As the Mariners season winds down over the next few weeks, is Kyle Seager the Mariners' answer at third base and is this his best shot at an every day gig in a Seattle uniform?
With Chone Figgins sidelined, Seager is getting the chance to prove if he has was it takes to play the hot corner. Right now it's hard not to root for the guy; however his solid performance in the minors between Double-A Jackson and Triple-A Tacoma has yet to translate to much in the majors through roughly a dozen games.
Ideally the job should be his for the remainder of the season, and if he can put together a respectable showing he might have a shot at the starting job next year. If not, the window might be shut for good.
Before we fast forward to next April, let's assume two points:
1. Seager does manage to cobble together a decent performance from the bottom of the order for the remainder of the season. (If not, then he really does have his work cut out for him.)
2. GM Jack Zduriencik fails to unload Chone Figgins and his contract over the winter. (It's not out of the question to make a deal, but it would rank as one of the bigger surprises in all of baseball this upcoming offseason.)
How should the Mariners approach the situation in spring training next year?
Next year the right side of the infield should be set with Justin Smoak at first and Dustin Ackley at second. On the left side, Brendan Ryan will likely get the nod at short, but do the M's continue playing Figgins or go with Seager at third?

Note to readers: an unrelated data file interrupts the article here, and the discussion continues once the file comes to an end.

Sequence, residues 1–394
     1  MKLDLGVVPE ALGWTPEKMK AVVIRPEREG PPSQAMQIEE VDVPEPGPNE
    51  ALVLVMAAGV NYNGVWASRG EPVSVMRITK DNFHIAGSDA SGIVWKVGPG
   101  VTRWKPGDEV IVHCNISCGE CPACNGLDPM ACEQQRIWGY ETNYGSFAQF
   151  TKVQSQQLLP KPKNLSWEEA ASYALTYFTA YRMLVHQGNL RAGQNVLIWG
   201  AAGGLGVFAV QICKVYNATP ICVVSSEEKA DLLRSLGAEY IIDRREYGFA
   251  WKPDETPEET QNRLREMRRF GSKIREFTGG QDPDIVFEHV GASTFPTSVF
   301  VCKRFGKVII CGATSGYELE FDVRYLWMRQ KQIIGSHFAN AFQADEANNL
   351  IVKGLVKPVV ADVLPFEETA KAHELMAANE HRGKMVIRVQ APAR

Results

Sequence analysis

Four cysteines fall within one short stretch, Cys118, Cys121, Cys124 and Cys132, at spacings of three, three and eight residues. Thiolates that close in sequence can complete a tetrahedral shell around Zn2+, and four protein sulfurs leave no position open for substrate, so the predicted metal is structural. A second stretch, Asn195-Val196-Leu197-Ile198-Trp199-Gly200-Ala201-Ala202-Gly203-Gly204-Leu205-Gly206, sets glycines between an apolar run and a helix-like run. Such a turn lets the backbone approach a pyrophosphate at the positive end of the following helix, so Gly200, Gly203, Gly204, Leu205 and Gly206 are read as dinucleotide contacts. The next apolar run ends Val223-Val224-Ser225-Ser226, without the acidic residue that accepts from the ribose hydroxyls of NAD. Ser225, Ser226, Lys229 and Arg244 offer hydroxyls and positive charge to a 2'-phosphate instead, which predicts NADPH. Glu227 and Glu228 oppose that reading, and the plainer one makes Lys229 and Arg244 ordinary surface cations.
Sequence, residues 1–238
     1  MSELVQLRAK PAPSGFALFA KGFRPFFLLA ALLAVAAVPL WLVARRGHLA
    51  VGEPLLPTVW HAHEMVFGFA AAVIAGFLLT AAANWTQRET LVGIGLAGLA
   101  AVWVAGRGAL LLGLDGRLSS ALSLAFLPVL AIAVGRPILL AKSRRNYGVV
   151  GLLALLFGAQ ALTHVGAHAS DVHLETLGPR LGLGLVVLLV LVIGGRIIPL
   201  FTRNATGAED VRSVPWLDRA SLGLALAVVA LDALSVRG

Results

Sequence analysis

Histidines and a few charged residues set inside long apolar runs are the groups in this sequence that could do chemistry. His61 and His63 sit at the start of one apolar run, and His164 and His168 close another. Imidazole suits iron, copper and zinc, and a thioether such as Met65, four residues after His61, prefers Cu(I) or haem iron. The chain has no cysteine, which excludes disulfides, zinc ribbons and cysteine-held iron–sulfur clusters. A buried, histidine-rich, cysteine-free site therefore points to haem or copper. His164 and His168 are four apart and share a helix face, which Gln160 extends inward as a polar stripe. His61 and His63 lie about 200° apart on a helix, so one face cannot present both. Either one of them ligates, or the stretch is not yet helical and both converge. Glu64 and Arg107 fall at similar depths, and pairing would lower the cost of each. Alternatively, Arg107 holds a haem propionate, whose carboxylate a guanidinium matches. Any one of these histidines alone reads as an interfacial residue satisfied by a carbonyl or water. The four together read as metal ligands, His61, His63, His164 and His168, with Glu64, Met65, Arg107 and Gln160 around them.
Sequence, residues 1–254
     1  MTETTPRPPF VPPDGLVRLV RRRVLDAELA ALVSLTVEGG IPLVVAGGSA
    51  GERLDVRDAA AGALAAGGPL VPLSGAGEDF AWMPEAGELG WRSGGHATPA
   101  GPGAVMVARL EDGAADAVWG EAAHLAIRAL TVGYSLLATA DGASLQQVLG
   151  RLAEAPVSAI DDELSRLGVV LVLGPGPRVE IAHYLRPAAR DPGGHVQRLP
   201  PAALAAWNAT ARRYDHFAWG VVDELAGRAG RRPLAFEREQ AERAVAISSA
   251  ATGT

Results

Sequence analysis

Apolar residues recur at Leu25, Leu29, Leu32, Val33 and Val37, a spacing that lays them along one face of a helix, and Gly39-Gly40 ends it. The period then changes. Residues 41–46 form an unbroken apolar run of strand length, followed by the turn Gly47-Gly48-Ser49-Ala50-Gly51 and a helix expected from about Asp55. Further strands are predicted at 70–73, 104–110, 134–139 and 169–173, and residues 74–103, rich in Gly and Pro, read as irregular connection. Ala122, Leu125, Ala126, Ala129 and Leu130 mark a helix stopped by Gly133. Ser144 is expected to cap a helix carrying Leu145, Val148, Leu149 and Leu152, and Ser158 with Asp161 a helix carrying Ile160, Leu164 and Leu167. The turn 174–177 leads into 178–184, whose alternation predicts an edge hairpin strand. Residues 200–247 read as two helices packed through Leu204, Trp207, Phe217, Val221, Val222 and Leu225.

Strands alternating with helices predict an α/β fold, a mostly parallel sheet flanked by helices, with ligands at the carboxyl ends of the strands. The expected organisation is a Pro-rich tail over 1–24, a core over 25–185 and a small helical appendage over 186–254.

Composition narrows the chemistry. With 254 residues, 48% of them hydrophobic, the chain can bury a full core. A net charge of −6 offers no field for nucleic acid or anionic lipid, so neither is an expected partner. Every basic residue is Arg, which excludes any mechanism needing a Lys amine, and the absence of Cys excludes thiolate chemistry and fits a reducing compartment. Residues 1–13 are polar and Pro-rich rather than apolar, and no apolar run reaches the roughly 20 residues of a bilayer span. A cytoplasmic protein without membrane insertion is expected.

One would imagine that Figgins gets one more shot to redeem himself and that anything short of Seager being all-world for the month of March would either earn him a ticket back to Tacoma or on the M's bench in the dreaded utility role. Unfortunately for Seager as a pro, he projects more towards second base; however that position is taken by his former college teammate.
Meanwhile, if Figgins and the M's fail to improve early next season, how soon will fans demand to see if someone like prospect Francisco Martinez (acquired in the Doug Fister deal and currently parked at Double A Jackson)? Granted he's still only 20 years old and a bit raw, but Jack Z and Eric Wedge might be clinging to their jobs at that point and willing to gamble.
Should the Mariners try to trade Seager over the winter for needs elsewhere instead of holding on to him for too long? He still should have some value as a line-drive hitter with a short compact swing that would nicely fit at second base for somebody.
Ultimately it might be the best option for all parties in giving Seager a fresh start as another piece to Seattle's rebuilding plan.
Here's hoping he starts to make contact—either as the Mariners starting third baseman of the future or an asset the team can flip over in winter.